holding that "[e]very day" without treatment is a new violationSummary of this case from Depaola v. Clarke
Submitted May 3, 2001.
Decided June 13, 2001.
Appeal from the United States District Court for the Northern District of Illinois, Wayne R. Andersen, J.
Delbert Heard, Pontiac, IL, pro se.
Robert F. Cleary (submitted), Office of the State's Atty. of Cook County, Chicago, IL, for Defendant-Appellee.
Before FAIRCHILD, BAUER, and POSNER, Circuit Judges.
This prisoner's civil rights suit under 42 U.S.C. § 1983 charges the defendant prison officials with inflicting cruel and unusual punishment on the plaintiff by denying him medical care for his hernia. The district court held the suit barred by the two-year statute of limitations applicable to such suits.
The plaintiff had been held in the Cook County jail, awaiting trial, from January 1994 until sometime after June 6, 1996, and he filed the suit on June 5, 1998. It was during his confinement in the jail, months before his release, that he developed a prominent bulge in his groin that he suspected was a hernia. The hernia caused him significant pain, especially after eating, and caused numbness in the upper part of his thigh. After months of unsuccessfully demanding medical attention, he was finally examined by a doctor who diagnosed a ruptured hernia and recommended surgery. But the jail refused to act on the recommendation. All this is according to the complaint, and may not be true; but in the posture the case is in we must treat it as true.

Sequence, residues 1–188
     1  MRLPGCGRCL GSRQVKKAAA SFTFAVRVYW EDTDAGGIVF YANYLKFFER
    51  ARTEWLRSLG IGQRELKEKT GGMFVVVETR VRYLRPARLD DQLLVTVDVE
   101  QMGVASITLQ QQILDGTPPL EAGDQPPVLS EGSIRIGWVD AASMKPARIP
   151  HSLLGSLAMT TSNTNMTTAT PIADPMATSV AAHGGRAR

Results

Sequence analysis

The district court thought that the statute of limitations began to run as soon as the plaintiff discovered that he had a medical problem that required attention, and this was more than two years before he sued. We should consider first whether this is an issue of state or federal law. The statute of limitations for suits under section 1983 is supplied by state law — not only the limitations period but also the tolling rules. Wilson v. Garcia, 471 U.S. 261, 275, 105 S.Ct. 1938, 85 L.Ed.2d 254 (1985); Johnson v. Railway Express Agency, Inc., 421 U.S. 454, 464, 95 S.Ct. 1716, 44 L.Ed.2d 295 (1975). Tolling interrupts the statute of limitations after it has begun to run, but does not determine when it begins to run; that question is the question of accrual, Cada v. Baxter Healthcare Corp., 920 F.2d 446, 450 (7th Cir. 1991), and in section 1983 suits as in other suits under federal law the answer is furnished by federal common law rather than by state law. E.g., Sellars v. Perry, 80 F.3d 243, 245 (7th Cir. 1996); Wilson v. Giesen, 956 F.2d 738, 740 (7th Cir. 1992).